Gallbladder Disease

Pathophysiology, Diagnosis, and Treatment

Simore Afamefuna, PharmD Candidate; Shari N. Allen, PharmD, BCPP


US Pharmacist. 2013;38(3):33-41. 

In This Article

Abstract and Introduction


Gallbladder disease, particularly cholelithiasis (gallstones), affects more than 20 million Americans each year. Patients often go undiagnosed because cholelithiasis often does not present with symptoms. Symptoms range from nausea or abdominal discomfort to biliary colic and jaundice. Gallbladder diseases are diagnosed most accurately via imaging techniques. However, laboratory values such as CBC, liver-function testing, and serum amylase and lipase should be included to help distinguish the type of gallbladder disease and/or identify associated complications. The most effective treatment for patients with gallbladder disease is surgery. Gallbladder disease is influenced by diet, exercise, and nutrition, and patients should be encouraged to incorporate these healthy habits into their lifestyle in order to reduce their risk of gallbladder disorders.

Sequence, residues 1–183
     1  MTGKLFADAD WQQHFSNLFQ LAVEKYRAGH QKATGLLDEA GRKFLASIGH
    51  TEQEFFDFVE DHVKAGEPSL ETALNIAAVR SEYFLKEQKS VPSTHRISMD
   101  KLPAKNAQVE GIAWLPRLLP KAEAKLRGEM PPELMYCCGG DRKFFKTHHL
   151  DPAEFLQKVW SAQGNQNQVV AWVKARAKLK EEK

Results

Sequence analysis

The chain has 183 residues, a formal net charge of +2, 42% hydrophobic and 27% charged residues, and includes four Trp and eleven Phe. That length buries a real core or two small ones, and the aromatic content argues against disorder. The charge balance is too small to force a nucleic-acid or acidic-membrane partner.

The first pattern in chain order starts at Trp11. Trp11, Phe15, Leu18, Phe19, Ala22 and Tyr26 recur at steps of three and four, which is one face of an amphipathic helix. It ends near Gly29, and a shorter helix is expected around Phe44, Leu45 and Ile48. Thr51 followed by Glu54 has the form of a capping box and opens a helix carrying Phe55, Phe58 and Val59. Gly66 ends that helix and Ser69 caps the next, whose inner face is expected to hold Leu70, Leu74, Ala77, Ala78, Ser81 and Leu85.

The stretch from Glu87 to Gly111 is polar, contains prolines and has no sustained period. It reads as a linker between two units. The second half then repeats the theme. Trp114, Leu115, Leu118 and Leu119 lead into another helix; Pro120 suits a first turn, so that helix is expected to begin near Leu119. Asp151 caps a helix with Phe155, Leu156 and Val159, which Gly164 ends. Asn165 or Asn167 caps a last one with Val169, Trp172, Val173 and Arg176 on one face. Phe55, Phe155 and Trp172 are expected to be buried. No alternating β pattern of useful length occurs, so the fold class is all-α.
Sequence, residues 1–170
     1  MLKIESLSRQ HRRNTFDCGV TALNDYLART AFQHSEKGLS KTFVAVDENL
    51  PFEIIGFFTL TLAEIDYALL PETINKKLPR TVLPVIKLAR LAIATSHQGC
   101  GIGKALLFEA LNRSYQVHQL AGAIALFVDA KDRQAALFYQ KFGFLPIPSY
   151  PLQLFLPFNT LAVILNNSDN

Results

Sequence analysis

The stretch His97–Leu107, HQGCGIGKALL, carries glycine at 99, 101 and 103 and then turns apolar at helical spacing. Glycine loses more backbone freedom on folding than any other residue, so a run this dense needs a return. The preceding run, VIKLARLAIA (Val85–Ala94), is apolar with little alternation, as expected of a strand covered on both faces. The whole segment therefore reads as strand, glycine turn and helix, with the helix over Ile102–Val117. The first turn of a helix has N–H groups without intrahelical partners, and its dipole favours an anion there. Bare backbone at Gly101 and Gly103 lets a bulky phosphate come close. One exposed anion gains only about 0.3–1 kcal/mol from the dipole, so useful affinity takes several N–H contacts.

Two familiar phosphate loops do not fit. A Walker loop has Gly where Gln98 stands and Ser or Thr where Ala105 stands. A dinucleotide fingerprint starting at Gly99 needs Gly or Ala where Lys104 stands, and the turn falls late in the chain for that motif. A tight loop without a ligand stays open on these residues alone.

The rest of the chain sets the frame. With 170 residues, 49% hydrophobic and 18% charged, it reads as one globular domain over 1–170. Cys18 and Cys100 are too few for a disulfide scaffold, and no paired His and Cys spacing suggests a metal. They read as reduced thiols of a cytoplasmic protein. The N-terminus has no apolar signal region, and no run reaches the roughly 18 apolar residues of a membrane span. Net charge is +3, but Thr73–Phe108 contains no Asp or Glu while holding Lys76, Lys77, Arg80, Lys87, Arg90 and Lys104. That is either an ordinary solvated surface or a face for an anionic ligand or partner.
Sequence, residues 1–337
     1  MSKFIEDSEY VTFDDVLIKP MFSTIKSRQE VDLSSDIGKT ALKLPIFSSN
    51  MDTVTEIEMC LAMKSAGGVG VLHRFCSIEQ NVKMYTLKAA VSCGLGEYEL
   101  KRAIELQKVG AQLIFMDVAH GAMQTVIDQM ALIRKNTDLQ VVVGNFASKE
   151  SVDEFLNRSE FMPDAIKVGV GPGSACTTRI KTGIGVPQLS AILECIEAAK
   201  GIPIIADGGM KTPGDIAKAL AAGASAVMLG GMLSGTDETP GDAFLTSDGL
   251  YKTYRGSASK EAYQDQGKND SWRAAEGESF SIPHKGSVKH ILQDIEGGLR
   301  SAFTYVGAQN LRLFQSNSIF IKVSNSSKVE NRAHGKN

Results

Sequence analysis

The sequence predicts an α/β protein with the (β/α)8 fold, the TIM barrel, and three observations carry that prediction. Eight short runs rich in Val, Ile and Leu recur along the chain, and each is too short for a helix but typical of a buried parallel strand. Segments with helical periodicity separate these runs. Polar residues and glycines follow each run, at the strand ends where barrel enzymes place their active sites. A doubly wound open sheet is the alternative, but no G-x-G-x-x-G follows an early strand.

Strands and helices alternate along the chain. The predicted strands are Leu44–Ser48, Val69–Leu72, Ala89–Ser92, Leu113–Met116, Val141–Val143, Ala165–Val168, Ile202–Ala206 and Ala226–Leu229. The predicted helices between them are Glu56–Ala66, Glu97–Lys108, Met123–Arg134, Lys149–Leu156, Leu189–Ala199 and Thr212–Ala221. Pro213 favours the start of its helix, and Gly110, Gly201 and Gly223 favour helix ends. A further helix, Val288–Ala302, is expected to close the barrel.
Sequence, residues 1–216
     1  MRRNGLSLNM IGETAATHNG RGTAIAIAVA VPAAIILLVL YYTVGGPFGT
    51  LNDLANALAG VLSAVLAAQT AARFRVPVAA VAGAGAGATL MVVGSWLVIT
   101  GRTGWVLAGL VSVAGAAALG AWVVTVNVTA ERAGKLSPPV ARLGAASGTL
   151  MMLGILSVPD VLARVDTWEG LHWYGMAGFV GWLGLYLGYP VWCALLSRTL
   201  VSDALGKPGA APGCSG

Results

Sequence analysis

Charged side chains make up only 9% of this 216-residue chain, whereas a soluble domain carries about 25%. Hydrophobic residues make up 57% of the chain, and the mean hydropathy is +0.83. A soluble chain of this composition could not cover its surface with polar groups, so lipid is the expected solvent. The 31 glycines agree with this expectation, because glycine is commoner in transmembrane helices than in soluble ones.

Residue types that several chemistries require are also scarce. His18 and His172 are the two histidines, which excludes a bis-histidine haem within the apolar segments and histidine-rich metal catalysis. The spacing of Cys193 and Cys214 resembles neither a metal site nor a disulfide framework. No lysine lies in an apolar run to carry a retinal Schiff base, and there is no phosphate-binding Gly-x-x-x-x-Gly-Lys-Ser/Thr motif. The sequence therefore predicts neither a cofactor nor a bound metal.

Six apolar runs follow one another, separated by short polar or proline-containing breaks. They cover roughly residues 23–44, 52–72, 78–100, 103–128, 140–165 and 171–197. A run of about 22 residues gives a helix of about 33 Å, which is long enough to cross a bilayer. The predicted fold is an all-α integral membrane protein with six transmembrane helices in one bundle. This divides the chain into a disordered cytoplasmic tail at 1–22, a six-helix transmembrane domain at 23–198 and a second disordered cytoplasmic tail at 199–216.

The most common form of gallbladder disease is cholelithiasis (gallstones).[1] Cholelithiasis affects more than 20 million Americans annually, resulting in a direct cost of more than $6.3 billion.[2] Gallstones generally are asymptomatic and typically are discovered during a surgical procedure for an unrelated condition or during autopsy.[1,2] In the United States, cholelithiasis is the most common inpatient diagnosis among gastrointestinal and liver diseases.[3,4] Although gallstones are usually asymptomatic, some patients progress to symptomatic disease. The primary clinical manifestation and complication of cholelithiasis is cholecystitis (inflammation of the gallbladder).[1,2] Less commonly, patients with severe cases may develop gallstone pancreatitis, gallbladder perforation, or other gallbladder diseases (Table 1).[1,5–8]